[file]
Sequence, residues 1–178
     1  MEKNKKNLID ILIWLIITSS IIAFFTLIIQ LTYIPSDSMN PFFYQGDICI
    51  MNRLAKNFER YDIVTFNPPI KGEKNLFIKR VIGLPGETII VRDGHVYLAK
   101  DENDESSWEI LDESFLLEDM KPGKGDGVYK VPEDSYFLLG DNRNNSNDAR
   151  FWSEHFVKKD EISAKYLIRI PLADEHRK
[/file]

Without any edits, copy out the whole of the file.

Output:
Sequence, residues 1–178
     1  MEKNKKNLID ILIWLIITSS IIAFFTLIIQ LTYIPSDSMN PFFYQGDICI
    51  MNRLAKNFER YDIVTFNPPI KGEKNLFIKR VIGLPGETII VRDGHVYLAK
   101  DENDESSWEI LDESFLLEDM KPGKGDGVYK VPEDSYFLLG DNRNNSNDAR
   151  FWSEHFVKKD EISAKYLIRI PLADEHRK